14. I suppose if there was a quality to be noticed, you'd notice it on an acoustic capable of some volume... I guess what I'm detecting is a slightly 'smoother' tactile feel - I'd imagine they might help with finger squawk moving up and down the neck?
  15. The reason I ask is I recently bought a used guitar and found 'something' attractive about the strings on it - guy I bought it from said it had a fresh set of Elixir 10s. I took my caliper and measured the gauges .010 .013 .017 .026 .036 .046, which is lighter than any sets I use, so maybe that's part of it... I looked up Elixir and saw that these are 'coated' strings, the wound ones at least. The other thing I noticed was two distinct flavors: Polyweb and Nanoweb. I haven't explored anything new string-wise for awhile, so all I can say is these have a very slight difference in feel to regular nickel roundwounds - hard to be specific, but I like it! Don't notice any appreciable sonic differences, positive or negative. Any regular users care to provide some personal input?
  16. That's pretty funny! Middle of his shift, some guy screams "I can't take it anymore!", and leaps out of a window; supervisor sticks his head out and shouts down at him "You'll be back!", right before the guy hits the net, and - BOIINNGG - he gets flung right back up through the window he jumped out of.
  17. Like you, I own a lot of guitars. We seem to be about the same age that we could probably speak about the old days and 'pawn shop guitars' - the ones you wouldn't be caught dead with, Teiscos and the like, gaudy and cheap instruments made from inferior materials, bad-playing AND sounding. We know that the rules have changed, and nowadays it's tough to find a really bad guitar - even inexpensive imported guitars (from anywhere) can be pretty nice-playing and sounding. I think the secret behind all this is modern manufacturing processes - the formulas to creating a good instrument are ubiquitous now, so anyone with decent production machinery can do (copy) it. One of my favorite brands is Hofner - I've collected a hollowbody, three semi-hollowbodies, two nylon-string and maybe five solidbodies from them, all from their Chinese cooperative. Some time ago, they decided to actually BUILD a proprietary factory in China to lower manufacturing costs, yet still control key processes; the following excerpt is taken from another forum: It is worth bearing in mind that the Chinese production plant is wholly owned by Hofner, a most unusual situation, that few other manufacturers have bothered to achieve. They have done a huge amount of work developing the plant and training the staff, often in Germany, to ensure that China has become an extension of Hagenau. Many other manufacturers just put the work out in China to whoever offers the lowest tender, something that Hofner has completely avoided. The Chinese plant is one of only a handful to have received both a grade A production certificate and a grade A export certificate from the government. The fact that Hofner is building bodies and necks in China and then taking the components to Hagenau demonstrates their faith in their own manufacturing processes while allowing them to offer you a first class instrument at a reasonable price. True there are still a lot of cheap poor quality instruments coming out of China, generally aimed as beginners guitars and sold in packs around Christmas time, but these have nothing to do with Hofner and what they have achieved over there. Hofner has definitely entered a new era in manufacturing and brought the company alive with a good range of interesting guitars at prices to suit everyone. We need to get used to this and worry less about exactly where parts were made and concentrate more on the models they make, encouraging them to explore further with both retro and new models. They have the capability to do this now but will be hampered if we all keep on about where the body was made or who screwed the pickups on etc. Personally I applaud them for taking the difficult route and setting up a wholly owned and tightly controlled Plant of their own when they could have taken the easy option and just subbed the work out to any old factory. This really is a new era for Hofner and I think it is going to be at least as exciting as it was back the early 1960s. As for your concerns about children and slave labor work conditions, I don't believe this comes into play as far as musical instruments are concerned; shoddy workmanship is a hallmark of forced labor, and it just isn't found on most modern instruments. Even the flaws of factory seconds take a good deal of scrutiny to discover. I would also think there is not an extravagant amount of hand work to be done in building guitars, save for sanding, inspecting, installing hardware - most machine work wouldn't be entrusted to children, would it?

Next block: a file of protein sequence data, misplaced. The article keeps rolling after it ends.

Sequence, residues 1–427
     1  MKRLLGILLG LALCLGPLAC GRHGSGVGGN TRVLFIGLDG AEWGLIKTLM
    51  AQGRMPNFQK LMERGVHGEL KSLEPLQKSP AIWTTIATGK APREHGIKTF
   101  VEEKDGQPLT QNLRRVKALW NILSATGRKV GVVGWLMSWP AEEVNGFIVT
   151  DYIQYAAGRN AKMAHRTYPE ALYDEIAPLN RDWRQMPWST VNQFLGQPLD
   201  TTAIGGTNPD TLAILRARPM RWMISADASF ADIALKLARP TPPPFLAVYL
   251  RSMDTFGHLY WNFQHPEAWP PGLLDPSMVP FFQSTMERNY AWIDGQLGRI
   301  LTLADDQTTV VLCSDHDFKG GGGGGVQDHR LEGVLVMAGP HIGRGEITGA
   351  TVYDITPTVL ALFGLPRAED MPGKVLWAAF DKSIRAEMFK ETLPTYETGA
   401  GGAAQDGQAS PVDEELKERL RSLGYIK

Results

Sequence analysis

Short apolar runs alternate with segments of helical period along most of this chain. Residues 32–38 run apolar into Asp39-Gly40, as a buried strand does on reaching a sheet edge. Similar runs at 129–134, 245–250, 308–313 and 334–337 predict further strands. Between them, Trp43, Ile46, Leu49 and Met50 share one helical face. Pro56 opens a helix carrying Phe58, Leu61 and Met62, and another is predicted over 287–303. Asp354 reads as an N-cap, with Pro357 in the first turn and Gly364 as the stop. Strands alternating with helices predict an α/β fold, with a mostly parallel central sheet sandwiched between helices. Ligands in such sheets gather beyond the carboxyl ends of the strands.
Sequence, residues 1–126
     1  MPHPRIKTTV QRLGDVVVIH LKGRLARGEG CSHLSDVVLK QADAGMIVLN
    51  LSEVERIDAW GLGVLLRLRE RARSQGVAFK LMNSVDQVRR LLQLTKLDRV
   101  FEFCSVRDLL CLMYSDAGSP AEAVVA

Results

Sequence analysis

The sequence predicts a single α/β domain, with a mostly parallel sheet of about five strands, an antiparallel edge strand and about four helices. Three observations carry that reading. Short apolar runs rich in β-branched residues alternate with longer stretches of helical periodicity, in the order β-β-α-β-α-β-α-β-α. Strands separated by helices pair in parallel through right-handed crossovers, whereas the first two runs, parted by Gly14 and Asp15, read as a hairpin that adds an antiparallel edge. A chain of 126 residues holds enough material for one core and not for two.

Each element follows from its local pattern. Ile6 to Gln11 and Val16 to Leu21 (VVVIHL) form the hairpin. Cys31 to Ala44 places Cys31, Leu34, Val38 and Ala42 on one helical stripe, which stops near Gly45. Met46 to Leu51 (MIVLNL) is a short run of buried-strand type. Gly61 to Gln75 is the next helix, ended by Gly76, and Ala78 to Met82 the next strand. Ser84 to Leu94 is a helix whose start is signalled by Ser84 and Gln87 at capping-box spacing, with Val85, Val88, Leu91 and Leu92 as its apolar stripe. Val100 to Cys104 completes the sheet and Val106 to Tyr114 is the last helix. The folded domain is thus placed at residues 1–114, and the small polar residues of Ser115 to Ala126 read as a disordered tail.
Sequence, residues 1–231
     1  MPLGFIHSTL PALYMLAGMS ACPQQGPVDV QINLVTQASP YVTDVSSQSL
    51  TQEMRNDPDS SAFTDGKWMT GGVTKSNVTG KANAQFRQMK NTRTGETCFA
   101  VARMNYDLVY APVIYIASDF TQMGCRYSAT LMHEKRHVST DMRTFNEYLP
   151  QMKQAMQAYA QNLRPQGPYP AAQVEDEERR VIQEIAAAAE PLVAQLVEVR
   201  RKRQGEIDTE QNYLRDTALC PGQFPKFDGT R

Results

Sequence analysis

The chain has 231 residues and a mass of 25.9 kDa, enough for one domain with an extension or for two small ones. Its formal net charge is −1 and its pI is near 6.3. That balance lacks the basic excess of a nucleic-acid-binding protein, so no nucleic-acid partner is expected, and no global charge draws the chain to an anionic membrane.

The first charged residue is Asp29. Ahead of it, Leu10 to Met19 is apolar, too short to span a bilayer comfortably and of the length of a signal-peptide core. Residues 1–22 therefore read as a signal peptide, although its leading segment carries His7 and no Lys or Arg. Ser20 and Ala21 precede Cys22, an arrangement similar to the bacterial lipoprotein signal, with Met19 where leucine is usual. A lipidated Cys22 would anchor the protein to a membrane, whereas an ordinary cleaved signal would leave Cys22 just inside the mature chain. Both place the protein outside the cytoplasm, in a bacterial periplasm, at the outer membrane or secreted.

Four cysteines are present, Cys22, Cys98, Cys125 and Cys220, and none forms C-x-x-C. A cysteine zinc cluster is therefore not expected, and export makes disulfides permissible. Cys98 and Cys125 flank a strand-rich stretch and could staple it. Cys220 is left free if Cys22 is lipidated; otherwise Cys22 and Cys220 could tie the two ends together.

18. If the stipulation was I had to keep it and play it, I wouldn't give any amount of money for it.
  19. A beat-up SG and rubber thumb picks just may enable you to become the Captain Of Your Tone.
  20. Think of it as an extended vacation!
  21. Geschmackssache. But isn't that so with all guitars?
  22. "Working" on my 8N is wholly therapeutic - it's comforting to be able to fall back on your acquired knowledge and actually ACCOMPLISH something; a points distributor, alternator, gravity-fed carburetor... these are all things I miss when I look in the engine compartment of a modern vehicle. Just getting out to turn a wrench on a weekend - a simple oil change, new plugs, a new belt, check timing, clean filters, lube some joints - it's good for the soul.
  23. My ol' trusty '48 Ford 8N with a 226 c.i.d. 6-cyl flathead (known as a Funk conversion). I just put flat-free tires and wheels on the 6-ft. finish mower this spring. Time to hit the field again, maybe next weekend...
  24. Okay. Non-reverse 'birds are fugly, though not quite as bad as a Firebird X. You're welcome.
  25. Even better... http://www.ebay.com/itm/HEX-NUTS-ES-335-ES-345-SUPER-400-BYRDLAND-5-40-THREAD-GIBSON-HEX-GOLD-OR-NICKEL-/252381025722?hash=item3ac314d5ba:g:nAIAAOSwLs5XLPmm